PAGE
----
Trip Start Aug 31, 2008
47Trip End Apr 30, 2009
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It turned out to be a real fortunate move for me to sit in the front because apparently this is the only place where the air-conditioning really worked. I quite enjoyed the ride but everybody in the back got really hot and ended up opening their windows for relief. Of course this didn't help me much but I had a steady stream of cold air blowing on me anyhow. We left Yogya at 9AM and drove east until 1PM, when we stopped at a road-side restaurant for lunch. Of course these types of restaurants always pay kick backs to the tour operators, so the prices were a little higher than normal to reflect that. We ordered two Cokes, which were 5,000 Rp and were absolutely tiny (I think around 175 mililiter). Our meals weren't half bad and cost 17,500 and 20,000 Rp.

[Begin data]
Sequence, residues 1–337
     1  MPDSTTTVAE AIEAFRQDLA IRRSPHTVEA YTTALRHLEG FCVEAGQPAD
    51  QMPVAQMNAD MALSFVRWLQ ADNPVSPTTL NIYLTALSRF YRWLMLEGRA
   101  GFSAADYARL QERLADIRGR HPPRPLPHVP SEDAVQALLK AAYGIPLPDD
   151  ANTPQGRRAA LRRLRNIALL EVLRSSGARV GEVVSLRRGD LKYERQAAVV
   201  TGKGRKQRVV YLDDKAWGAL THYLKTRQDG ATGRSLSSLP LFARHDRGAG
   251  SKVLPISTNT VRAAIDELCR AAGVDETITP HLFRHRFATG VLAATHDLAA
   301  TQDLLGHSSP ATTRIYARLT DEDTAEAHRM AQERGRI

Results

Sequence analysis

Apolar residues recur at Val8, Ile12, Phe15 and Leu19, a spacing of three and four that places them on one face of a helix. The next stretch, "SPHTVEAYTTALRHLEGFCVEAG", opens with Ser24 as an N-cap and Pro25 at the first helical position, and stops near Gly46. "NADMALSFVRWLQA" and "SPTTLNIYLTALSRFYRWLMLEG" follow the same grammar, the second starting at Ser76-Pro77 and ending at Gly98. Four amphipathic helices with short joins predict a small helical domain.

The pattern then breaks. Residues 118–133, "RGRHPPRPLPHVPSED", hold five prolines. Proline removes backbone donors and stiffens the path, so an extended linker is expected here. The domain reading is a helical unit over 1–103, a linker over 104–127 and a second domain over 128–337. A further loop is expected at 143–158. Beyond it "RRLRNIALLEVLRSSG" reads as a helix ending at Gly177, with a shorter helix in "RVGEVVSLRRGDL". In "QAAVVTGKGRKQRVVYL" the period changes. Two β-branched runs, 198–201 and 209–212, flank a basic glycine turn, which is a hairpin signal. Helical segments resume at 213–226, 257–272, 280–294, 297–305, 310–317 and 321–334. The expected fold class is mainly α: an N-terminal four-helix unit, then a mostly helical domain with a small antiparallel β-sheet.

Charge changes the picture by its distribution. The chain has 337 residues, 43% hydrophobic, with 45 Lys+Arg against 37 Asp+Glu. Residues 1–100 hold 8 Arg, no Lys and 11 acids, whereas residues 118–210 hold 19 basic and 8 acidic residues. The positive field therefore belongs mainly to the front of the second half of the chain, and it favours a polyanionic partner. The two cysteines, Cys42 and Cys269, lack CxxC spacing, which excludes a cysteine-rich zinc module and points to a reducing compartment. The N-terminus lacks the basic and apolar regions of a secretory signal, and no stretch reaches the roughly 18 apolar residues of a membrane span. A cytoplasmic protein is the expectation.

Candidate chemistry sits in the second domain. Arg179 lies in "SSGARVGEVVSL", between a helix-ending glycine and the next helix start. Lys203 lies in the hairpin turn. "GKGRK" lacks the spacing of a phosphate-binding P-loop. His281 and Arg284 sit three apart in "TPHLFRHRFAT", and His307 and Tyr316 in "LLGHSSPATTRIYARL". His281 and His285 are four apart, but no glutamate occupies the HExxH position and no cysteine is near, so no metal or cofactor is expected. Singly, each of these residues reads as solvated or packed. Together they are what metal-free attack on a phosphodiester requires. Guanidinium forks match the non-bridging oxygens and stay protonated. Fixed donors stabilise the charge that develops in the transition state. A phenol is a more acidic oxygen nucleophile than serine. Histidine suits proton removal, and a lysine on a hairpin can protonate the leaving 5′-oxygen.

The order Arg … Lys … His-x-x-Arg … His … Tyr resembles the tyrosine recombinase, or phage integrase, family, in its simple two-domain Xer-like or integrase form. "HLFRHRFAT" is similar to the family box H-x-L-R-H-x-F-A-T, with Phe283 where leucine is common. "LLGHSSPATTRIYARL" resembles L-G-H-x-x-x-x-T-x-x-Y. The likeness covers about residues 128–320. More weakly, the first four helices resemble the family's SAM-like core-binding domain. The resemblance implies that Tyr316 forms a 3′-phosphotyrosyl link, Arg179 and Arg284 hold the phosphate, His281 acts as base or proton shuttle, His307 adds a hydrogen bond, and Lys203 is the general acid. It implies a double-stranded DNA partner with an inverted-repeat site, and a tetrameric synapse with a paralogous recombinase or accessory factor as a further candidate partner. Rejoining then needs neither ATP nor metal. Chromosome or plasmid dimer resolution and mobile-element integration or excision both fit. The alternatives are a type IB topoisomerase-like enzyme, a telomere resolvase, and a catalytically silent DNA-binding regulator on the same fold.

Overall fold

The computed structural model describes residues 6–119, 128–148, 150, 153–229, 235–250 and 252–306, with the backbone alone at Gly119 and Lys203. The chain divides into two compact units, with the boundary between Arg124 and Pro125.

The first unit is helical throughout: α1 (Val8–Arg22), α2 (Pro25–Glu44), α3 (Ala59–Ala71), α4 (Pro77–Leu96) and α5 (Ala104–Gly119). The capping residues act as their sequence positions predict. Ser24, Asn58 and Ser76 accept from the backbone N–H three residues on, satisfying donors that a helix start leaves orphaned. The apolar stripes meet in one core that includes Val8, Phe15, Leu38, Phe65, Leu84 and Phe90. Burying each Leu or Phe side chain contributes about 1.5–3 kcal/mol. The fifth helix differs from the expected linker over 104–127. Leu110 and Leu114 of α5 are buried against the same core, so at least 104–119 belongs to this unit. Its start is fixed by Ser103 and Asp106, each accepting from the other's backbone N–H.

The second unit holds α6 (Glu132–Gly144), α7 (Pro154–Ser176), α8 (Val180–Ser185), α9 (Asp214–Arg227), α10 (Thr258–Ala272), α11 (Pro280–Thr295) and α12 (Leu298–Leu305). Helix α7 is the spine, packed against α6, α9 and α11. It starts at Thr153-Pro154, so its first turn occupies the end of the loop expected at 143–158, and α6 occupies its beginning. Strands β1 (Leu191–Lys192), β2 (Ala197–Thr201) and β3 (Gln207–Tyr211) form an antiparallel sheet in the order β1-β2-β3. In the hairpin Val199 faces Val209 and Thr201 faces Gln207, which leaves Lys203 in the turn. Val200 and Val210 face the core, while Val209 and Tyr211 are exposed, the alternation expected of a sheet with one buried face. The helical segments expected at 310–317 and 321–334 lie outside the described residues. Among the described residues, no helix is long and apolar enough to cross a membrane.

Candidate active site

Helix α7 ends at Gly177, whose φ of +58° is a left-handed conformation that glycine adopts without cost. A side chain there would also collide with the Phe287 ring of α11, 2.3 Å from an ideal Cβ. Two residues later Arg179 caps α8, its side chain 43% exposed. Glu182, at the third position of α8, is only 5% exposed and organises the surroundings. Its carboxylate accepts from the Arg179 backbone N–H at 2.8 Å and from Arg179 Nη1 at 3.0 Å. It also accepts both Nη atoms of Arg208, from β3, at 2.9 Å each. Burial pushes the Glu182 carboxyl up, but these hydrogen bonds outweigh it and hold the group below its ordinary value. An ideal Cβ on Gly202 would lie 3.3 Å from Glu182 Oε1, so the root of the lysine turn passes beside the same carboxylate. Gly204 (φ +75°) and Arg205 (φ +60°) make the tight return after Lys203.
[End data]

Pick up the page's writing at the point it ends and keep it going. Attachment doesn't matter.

After lunch, we hopped back into the minivan and drove all the way to Probolingo and arrived around 6:20 PM. We had to wait for the next bus that was going to take us up to Bromo and I found out that traffic was very good for us that day. The tour agent explained that yesterday the same bus arrived at 11:00 PM, so we felt a little better about waiting out the holiday season in Yogya. However we still had to wait until 7 PM for a bus that was sitting in front of the tour agency the whole time. The bus driver was also there chatting to some other people from the tour agency, so I am not sure why we had to wait.